This new quarterly series showcases the “essential” films everyone should see on the big screen. For each month-long program, the Moxie will screen five films organized by one of the following themes: directors, actors, genres, and eras/movements.
English film-maker/director Alfred Hitchcock directed more than 50 feature films in a career spanning six decades. He left England for Hollywood in 1939, where his first American film Rebecca (1940) won an Academy Award for Best Picture. He became known as “The Master of Suspense” for the taut thrillers and stories of suspense that he directed from the 1940s to the 1960s. He was recognized for his twist endings and signature themes of innocent men on the run.
Summary: In Notorious, a brilliant allegory of love and betrayal, Hitchcock fuses two of his favorite elements: suspense and romance. A beautiful woman with a tainted past (Ingrid Bergman) is enlisted by American agent Devlin (Cary Grant) to spy on a ring of Nazis in post-war Rio. Her espionage work becomes life-threatening after she marries the most debonair of the Nazi ring, Alex (Claude Rains). Only Devlin can rescue her, but to do so he must face his role in her desperate situation and acknowledge that he’s loved her all along. Stunning performances, Ben Hecht’s excellent script, and Hitchcock’s direction at its best make Notorious a perfect film. [Criterion]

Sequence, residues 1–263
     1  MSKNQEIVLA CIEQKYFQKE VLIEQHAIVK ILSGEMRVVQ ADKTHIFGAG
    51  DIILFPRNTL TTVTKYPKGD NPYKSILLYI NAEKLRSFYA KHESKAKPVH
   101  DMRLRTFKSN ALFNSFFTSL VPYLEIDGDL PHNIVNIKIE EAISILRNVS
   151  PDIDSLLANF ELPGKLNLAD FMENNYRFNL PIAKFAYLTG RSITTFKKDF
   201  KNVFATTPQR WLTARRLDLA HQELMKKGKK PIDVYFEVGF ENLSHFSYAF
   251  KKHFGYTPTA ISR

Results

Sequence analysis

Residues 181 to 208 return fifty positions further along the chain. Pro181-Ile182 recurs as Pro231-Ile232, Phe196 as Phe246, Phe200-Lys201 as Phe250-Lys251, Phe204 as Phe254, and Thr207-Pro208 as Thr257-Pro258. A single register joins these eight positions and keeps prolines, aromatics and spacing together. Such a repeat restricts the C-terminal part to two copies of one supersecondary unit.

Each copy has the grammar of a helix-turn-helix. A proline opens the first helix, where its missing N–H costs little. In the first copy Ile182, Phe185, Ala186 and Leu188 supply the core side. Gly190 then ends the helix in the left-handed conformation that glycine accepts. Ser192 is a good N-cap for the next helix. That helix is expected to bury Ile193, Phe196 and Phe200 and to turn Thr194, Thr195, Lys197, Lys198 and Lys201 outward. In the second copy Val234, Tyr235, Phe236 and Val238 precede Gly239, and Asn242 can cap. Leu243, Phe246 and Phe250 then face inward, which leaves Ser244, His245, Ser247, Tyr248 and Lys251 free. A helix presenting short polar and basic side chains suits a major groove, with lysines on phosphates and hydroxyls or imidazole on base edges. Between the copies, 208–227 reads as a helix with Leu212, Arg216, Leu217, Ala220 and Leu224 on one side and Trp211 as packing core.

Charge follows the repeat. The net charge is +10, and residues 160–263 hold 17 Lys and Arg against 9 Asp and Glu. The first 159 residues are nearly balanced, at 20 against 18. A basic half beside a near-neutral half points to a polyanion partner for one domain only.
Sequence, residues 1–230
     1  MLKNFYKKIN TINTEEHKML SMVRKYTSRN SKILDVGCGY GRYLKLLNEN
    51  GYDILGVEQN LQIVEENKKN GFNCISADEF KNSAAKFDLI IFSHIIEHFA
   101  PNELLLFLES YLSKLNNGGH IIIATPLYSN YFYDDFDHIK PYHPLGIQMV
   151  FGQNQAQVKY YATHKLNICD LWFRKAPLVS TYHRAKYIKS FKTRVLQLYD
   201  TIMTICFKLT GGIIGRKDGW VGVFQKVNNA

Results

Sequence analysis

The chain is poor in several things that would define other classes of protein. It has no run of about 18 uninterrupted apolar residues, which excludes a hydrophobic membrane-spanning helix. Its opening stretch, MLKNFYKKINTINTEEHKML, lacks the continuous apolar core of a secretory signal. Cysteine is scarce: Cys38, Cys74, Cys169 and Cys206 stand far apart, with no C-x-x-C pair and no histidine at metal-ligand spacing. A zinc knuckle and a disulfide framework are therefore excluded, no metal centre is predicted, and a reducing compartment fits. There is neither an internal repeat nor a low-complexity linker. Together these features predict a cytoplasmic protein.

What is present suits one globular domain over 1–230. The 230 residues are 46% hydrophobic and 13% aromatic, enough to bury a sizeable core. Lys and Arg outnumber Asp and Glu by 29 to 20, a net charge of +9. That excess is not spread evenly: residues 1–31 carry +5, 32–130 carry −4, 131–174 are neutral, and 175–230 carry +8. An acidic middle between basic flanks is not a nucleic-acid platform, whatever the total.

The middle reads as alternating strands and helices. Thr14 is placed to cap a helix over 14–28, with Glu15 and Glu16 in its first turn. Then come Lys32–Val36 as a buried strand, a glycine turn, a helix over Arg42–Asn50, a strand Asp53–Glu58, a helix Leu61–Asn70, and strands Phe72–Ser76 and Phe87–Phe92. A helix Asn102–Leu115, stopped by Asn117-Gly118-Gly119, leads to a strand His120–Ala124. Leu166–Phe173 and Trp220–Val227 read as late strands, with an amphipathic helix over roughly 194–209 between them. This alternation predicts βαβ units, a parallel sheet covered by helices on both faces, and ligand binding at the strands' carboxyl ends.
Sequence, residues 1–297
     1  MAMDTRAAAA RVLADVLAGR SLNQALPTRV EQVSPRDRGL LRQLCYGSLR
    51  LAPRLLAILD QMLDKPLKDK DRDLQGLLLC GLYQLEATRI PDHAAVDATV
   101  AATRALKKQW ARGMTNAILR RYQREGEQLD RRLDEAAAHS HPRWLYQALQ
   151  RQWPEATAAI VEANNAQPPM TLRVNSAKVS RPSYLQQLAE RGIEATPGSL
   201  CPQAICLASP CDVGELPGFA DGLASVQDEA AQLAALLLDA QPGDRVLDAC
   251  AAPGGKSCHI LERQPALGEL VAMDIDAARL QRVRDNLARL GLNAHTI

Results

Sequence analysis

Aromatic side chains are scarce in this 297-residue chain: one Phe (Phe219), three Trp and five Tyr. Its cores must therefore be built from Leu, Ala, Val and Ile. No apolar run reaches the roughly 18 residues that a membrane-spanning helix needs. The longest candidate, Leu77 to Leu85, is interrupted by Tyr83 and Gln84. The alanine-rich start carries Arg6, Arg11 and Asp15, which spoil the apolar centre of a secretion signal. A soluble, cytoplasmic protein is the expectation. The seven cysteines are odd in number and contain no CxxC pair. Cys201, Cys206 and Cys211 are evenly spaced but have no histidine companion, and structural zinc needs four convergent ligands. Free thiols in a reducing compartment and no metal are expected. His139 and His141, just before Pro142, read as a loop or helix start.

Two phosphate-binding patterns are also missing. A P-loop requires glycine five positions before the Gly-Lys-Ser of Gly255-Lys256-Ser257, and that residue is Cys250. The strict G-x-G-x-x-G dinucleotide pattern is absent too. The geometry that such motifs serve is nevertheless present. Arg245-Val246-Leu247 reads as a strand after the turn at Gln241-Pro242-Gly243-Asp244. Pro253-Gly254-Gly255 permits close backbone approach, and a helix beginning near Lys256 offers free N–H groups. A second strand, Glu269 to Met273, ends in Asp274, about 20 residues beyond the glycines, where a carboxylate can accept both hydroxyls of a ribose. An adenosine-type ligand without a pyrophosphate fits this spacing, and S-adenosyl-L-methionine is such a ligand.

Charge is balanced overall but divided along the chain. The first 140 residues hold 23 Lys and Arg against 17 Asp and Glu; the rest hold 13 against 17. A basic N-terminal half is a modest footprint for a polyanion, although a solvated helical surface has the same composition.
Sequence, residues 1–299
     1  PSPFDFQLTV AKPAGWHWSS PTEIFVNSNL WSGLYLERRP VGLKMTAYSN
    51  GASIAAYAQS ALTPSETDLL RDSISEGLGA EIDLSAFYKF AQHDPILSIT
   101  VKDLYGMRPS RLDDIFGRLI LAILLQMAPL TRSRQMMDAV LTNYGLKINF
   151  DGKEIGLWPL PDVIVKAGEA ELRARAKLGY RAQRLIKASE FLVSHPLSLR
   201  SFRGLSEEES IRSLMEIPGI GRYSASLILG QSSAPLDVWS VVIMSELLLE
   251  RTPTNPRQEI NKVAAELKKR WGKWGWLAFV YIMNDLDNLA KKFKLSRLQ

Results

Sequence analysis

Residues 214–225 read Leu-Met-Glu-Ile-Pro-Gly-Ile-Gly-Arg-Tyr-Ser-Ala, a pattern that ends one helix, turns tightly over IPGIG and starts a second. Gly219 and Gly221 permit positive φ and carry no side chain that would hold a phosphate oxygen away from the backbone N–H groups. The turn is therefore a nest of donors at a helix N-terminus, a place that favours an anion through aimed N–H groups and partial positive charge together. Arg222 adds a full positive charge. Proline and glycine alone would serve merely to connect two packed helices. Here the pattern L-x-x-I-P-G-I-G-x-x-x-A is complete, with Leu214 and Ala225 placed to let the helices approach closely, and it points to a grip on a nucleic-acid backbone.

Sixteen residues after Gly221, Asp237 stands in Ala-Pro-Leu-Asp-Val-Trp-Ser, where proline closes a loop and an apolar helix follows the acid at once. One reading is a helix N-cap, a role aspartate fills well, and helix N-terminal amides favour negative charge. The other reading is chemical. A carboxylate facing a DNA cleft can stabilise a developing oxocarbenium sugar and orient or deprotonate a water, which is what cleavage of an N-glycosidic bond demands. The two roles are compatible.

Starring: Cary Grant, Ingrid Bergman, Claude Rains
Director: Alfred Hitchcock
Genre(s): Classics, Mystery, Suspense
Running Time: 101 min.
The virtuoso sequences -- the long kiss, the crane shot into the door key -- are justly famous, yet the film's real brilliance is in its subtle and detailed portrayal of infinitely perverse relationships."
- Dave Kehr, Chicago Reader
"Production and directorial skill of Alfred Hitchcock combine with a suspenseful story and excellent performances to make Notorious force entertainment."
"It's the accuracy, efficiency and control of Hitchcock's direction that most impress. They enable him to dovetail the film's thriller format and romantic story to dizzying, expressive and unique effect."
- Wally Hammond, Time Out
"Alfred Hitchcock's Notorious is the most elegant expression of the master's visual style, just as Vertigo is the fullest expression of his obsessions."
- Roger Ebert, Chicago Sun-Times